Local artist Deb Babcock stands behind a display stand inside Blue Sky Pottery, the shop she owns in Steamboat Springs. Babcock has been the subject of several magazine articles and is gaining a strong following on the Internet.

Photo by John F. Russell

Local artist Deb Babcock stands behind a display stand inside Blue Sky Pottery, the shop she owns in Steamboat Springs. Babcock has been the subject of several magazine articles and is gaining a strong following on the Internet.

Steamboat Springs artist finds creative way to sell art

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Local artist Deb Babcock stands behind a display stand inside Blue Sky Pottery, the shop she owns in Steamboat Springs. Babcock has been the subject of several magazine articles and is gaining a strong following on the Internet.

— The walk into Blue Sky Pottery reveals a lot.

The sign on the outside window doesn’t list business hours. Instead, it simply reads: “If the lights are on, come on in, I’m open.”

But step inside, and hobby and entrepreneurship intersect in a purely 21st-century way.

Owner Deb Babcock picked up pottery as a hobby in 2001 after selling her Michigan-based market research company. She started selling her pieces in 2004 to make a little extra money.

“I thought I was just going to hike and ski, but I found I needed another outlet,” she said. When “I opened my shop, one thing I did not want was to be in a physical location all the time.”

So instead of setting up shop and hoping for walk-in customers, Babcock found Etsy.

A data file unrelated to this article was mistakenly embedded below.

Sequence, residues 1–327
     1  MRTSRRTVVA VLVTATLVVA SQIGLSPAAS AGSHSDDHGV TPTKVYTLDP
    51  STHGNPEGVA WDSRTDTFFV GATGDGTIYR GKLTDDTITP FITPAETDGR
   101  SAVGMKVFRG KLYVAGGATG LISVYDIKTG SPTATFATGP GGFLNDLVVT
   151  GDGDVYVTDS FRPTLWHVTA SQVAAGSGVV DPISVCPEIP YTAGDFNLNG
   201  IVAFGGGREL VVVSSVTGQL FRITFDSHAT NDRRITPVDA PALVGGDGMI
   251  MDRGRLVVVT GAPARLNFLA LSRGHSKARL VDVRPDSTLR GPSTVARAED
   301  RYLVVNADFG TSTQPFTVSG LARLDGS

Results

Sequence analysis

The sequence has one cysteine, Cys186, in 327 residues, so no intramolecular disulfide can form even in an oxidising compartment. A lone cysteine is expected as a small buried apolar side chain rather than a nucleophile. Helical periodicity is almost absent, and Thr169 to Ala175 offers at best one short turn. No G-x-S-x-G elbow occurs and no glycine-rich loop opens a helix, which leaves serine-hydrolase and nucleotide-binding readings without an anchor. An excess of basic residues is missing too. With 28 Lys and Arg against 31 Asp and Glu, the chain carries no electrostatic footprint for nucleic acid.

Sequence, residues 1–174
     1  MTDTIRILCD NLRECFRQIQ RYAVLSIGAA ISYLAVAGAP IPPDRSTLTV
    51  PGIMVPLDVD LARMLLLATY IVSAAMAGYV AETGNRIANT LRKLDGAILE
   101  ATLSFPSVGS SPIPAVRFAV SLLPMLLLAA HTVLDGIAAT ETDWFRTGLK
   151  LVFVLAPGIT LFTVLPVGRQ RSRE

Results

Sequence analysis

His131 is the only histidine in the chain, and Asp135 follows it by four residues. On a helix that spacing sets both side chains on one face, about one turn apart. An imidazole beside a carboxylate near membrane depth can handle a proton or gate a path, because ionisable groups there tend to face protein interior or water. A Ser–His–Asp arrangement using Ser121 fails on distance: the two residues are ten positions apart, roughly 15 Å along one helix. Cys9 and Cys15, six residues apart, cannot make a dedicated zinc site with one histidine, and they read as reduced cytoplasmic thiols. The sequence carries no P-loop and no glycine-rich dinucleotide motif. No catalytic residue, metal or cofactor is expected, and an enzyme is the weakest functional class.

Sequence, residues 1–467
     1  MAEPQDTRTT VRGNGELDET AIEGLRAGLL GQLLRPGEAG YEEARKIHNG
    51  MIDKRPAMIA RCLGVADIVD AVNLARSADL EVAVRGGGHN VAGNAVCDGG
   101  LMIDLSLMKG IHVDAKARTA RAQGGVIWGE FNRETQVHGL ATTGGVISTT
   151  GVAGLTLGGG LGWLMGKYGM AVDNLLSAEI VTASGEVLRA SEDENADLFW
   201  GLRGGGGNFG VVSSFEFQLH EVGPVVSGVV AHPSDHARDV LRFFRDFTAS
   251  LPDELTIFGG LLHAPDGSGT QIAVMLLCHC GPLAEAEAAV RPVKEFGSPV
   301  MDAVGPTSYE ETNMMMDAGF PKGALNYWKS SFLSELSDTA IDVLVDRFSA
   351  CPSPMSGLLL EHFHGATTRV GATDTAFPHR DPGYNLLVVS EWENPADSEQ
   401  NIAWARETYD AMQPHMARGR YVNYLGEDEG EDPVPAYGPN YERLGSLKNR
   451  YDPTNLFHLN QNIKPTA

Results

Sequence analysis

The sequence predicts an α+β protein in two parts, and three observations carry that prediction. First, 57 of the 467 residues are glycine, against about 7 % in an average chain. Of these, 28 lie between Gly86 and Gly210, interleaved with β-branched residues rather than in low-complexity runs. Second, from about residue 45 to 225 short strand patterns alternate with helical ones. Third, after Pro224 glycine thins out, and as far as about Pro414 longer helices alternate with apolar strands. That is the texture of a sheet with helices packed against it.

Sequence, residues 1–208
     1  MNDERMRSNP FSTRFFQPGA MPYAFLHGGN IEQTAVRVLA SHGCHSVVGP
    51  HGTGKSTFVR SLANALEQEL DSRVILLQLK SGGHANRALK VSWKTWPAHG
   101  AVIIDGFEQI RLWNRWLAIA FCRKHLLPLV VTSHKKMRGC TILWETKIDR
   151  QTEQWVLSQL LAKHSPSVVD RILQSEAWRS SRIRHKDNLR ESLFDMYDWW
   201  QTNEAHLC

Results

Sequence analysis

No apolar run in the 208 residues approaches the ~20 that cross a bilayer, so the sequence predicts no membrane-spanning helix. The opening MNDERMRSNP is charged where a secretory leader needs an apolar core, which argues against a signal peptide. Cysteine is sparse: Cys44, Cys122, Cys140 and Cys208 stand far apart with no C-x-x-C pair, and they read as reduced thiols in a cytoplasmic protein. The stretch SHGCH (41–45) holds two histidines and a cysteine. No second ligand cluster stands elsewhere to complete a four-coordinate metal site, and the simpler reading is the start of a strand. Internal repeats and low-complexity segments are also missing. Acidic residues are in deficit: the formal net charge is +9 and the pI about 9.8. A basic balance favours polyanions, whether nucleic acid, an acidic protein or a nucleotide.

The e-commerce website focuses on handmade goods, with 900,000 active shoppers and 25 million members.

And it helped turn Babcock’s business into a model she wanted while also growing it well beyond her expectations.

Since joining the site in 2006, Babcock has shipped more than 30,000 pieces across the world. She’s shipped to most of Europe and recently had a furniture store in Brussels, Belgium, buy more than 50 of her pieces.

Through the site, Babcock’s work has been featured in magazines like AARP, Better Homes and Gardens and a number of different online publications and blogs.

“I know the site draws a lot of people from a long distance,” she said. “I guess (my art) has an appeal. It’s original art as well as functional.”

And what started as a hobby to accompany other interests has turned into a profitable operation. Babcock’s Etsy business pays her rent and for all of her supplies.

“It even adds a little profit, too,” she said.

For Babcock, finding the site changed her hobby into an enjoyable business. She recommends it for any artist or person who enjoys tinkering with homemade goods.

“It’s a nice way, especially in a small town, to get the word out about your art,” she said. “You don’t have to live in a big city. You don’t have to be in a New York City or Paris.”

To find Babcock’s work on Etsy, click here.

To reach Luke Graham, call 970-871-4229 or email lgraham@SteamboatToday.com

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